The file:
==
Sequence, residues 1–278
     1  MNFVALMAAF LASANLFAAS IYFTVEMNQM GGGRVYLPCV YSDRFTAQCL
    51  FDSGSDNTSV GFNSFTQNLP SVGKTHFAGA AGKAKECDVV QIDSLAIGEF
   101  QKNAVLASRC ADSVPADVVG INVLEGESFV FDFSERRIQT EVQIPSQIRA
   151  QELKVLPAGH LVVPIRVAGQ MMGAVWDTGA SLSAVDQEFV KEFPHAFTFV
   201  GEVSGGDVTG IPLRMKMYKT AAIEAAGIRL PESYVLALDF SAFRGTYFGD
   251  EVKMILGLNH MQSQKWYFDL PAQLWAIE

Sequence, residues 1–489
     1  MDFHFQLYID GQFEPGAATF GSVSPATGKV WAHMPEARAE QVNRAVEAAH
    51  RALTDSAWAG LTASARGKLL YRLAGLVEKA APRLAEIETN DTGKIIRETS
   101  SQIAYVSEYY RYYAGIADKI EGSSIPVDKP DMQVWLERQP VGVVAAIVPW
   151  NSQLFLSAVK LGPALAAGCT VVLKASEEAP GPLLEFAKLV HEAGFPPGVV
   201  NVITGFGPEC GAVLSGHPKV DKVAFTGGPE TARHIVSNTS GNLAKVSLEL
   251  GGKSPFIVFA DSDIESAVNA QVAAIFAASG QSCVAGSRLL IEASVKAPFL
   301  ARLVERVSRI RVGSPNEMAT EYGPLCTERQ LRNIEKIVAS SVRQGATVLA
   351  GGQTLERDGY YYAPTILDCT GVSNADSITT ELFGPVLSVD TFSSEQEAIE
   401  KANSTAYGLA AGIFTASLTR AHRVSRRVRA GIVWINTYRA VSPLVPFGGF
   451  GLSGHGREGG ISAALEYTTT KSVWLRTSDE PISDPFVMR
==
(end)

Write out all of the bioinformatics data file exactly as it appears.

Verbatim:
Sequence, residues 1–278
     1  MNFVALMAAF LASANLFAAS IYFTVEMNQM GGGRVYLPCV YSDRFTAQCL
    51  FDSGSDNTSV GFNSFTQNLP SVGKTHFAGA AGKAKECDVV QIDSLAIGEF
   101  QKNAVLASRC ADSVPADVVG INVLEGESFV FDFSERRIQT EVQIPSQIRA
   151  QELKVLPAGH LVVPIRVAGQ MMGAVWDTGA SLSAVDQEFV KEFPHAFTFV
   201  GEVSGGDVTG IPLRMKMYKT AAIEAAGIRL PESYVLALDF SAFRGTYFGD
   251  EVKMILGLNH MQSQKWYFDL PAQLWAIE

Sequence, residues 1–489
     1  MDFHFQLYID GQFEPGAATF GSVSPATGKV WAHMPEARAE QVNRAVEAAH
    51  RALTDSAWAG LTASARGKLL YRLAGLVEKA APRLAEIETN DTGKIIRETS
   101  SQIAYVSEYY RYYAGIADKI EGSSIPVDKP DMQVWLERQP VGVVAAIVPW
   151  NSQLFLSAVK LGPALAAGCT VVLKASEEAP GPLLEFAKLV HEAGFPPGVV
   201  NVITGFGPEC GAVLSGHPKV DKVAFTGGPE TARHIVSNTS GNLAKVSLEL
   251  GGKSPFIVFA DSDIESAVNA QVAAIFAASG QSCVAGSRLL IEASVKAPFL
   301  ARLVERVSRI RVGSPNEMAT EYGPLCTERQ LRNIEKIVAS SVRQGATVLA
   351  GGQTLERDGY YYAPTILDCT GVSNADSITT ELFGPVLSVD TFSSEQEAIE
   401  KANSTAYGLA AGIFTASLTR AHRVSRRVRA GIVWINTYRA VSPLVPFGGF
   451  GLSGHGREGG ISAALEYTTT KSVWLRTSDE PISDPFVMR